So let's take a look ahead to this season. For 2012, one of the big initiatives that will be implemented in the NASCAR Sprint Cup Series is electronic fuel injection. That project is several years in the making, and we worked with engine builders and manufacturers to be able to associate ourselves with world class technology, partners like Freescale and McLaren for our fuel injection system. This is a major initiative to us in our sport and helps make our cars more relevant and our engines more efficient.
You'll be excited to know, I know I'll be excited, that this winner of the Daytona 500 will be the first time that they'll win with electronic fuel injection.
We've had just a few minor tweaks to the rules this year. There's been a lot of conversation surrounding the driver‑to‑driver radio communication, particularly at the superspeedway events. Several of the drivers and the teams came to us late last season and they asked us to do away with the driver‑to‑driver radio chatter. So starting this season, we have eliminated the driver‑to‑driver radio communication. Team‑to‑team communication, that will still continue as we've known it in the past.
Our Daytona rules package, we've made a sizable effort to scale back on the amount of tandem style drafting we've seen at the superspeedways over the past few years. We've been to the wind tunnel on numerous occasions, we've had tests at Talladega and Daytona last season, and we've had a great test this month at Daytona.
We know that the fans want to see more of the traditional style pack drafting, and so do we. We won't be able to totally eliminate the two‑car push. It will be a valuable tool that the teams will be able to use from time to time. However, we do believe that we've come up with a rules package that will help it be the exception rather than the norm.
We've had a good test at Daytona a couple weeks ago, received great feedback from the teams, and it was unprecedented, it really was. The communication was second to none.
We're going to Daytona with the following package: A larger restrictor plate at 29/32, smaller spoiler, softer springs. All of these combinations will help the qualifying be more exciting. We moved the radiator inlet up to the center of the bumper area; that's two and a half by 20 inches. Pressure relief valve will start out at 25 pounds. Another aero change, the rear bumper dimensions were moved downward an additional two inches.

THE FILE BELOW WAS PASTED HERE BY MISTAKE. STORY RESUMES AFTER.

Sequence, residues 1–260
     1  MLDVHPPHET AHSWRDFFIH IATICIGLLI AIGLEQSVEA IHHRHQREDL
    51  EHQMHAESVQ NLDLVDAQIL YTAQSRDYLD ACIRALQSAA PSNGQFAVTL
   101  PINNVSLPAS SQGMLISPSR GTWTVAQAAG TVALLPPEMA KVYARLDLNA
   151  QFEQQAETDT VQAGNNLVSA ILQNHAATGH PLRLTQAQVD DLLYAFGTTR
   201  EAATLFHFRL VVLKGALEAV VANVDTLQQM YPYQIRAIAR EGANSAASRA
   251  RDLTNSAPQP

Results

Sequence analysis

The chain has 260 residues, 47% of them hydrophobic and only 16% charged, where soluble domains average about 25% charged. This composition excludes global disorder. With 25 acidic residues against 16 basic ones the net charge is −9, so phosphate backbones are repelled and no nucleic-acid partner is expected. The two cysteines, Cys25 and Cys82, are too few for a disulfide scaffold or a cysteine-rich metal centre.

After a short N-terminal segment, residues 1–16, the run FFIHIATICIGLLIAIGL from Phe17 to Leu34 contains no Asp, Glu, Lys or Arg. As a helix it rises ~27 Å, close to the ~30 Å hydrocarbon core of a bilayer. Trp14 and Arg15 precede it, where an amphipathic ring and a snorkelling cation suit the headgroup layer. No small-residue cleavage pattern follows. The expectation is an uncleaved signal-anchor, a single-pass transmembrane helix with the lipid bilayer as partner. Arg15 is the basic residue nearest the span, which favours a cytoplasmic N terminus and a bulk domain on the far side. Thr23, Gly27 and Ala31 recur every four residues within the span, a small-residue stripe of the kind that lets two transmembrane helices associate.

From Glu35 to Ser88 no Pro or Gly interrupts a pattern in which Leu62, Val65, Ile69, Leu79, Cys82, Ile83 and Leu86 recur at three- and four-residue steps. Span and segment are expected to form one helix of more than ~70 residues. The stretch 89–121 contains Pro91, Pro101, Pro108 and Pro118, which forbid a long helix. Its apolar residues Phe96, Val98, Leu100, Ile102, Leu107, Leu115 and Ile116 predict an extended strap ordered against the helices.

The changes we made in the cooling system and the aero package we believe will aid in getting back to the more traditional style pack drafting that we've come to expect at Daytona and Talladega. We're also implementing some of the similar adjustments to the Nationwide and the Camping World Truck Series.
The testing policy that we adopted in 2008 or after the 2008 season remains intact for 2012. Three of our tracks will get a new surface this season. Michigan finished up their repave last fall before the holidays; Pocono is nearly complete, they will complete it in the spring; and Kansas will repave in between the two races this summer. We'll schedule tests at each of those tracks before the events there either a few weeks out or the day before we sign in.
Throughout the 2012 season, you will be seeing and hearing a lot more about our 2013 car. The manufacturers will begin revealing their models, as we saw the new Ford unveiled earlier this week. There will be testing in mid to late summer. We should be in a good position to release our cars and have a good rule package for the 2013 season. It's certainly a milestone in our sport, and we've worked very hard and closely with the manufacturers on the new car and the four new models that are simply outstanding, and I think everybody will be impressed with them.
I think the fans are going to love them. It's going to be such a positive step in helping our race cars be more and more relevant to our fans, past, present and future.
And speaking of our test policy, while we may have done away with private fines, we do plan on having some private tests. The first will be next month for our four manufacturers with their new race cars. We will be having additional tests throughout the course of the season that will be open; however, the OEMs felt it was important for them to have this initial test in a closed environment, and we appreciate everybody's understanding and respect of that.
In closing, we're excited about building upon a great season that we had last year. We're working very hard to make competition better, putting on the best possible racing week in and week out for our fans. We look forward to seeing each and every one of you in the coming weeks at Daytona.
KERRY THARP: Thank you very much, Robin. Marcus Jadotte is NASCAR's vice president of public affairs and multicultural development. He comes today to share a few highlights from last season's Drive For Diversity success and introduce the new DForD class, which is primed to continue its growth and momentum heading into the 2012 season. Come on up here, Marcus, and let's meet the new class.
MARCUS JADOTTE: Thank you, Kerry, and thank you all for being here today and for playing the important role you do in the success of this great sport. I'm pleased to be here again today and to have this opportunity to introduce the NASCAR Drive For Diversity class for the upcoming season. But first I'd like to take a look back at the program's unprecedented success, as Kerry indicated, last season.
NASCAR Drive For Diversity drivers left an indelible mark on the K&N Pro Series last season. Drivers tallied six wins in 12 races and scored 10 top 5s and 23 top 10 finishes. The program placed two drivers in the top 5 final points standings and a third in the top 10. It was truly a landmark year.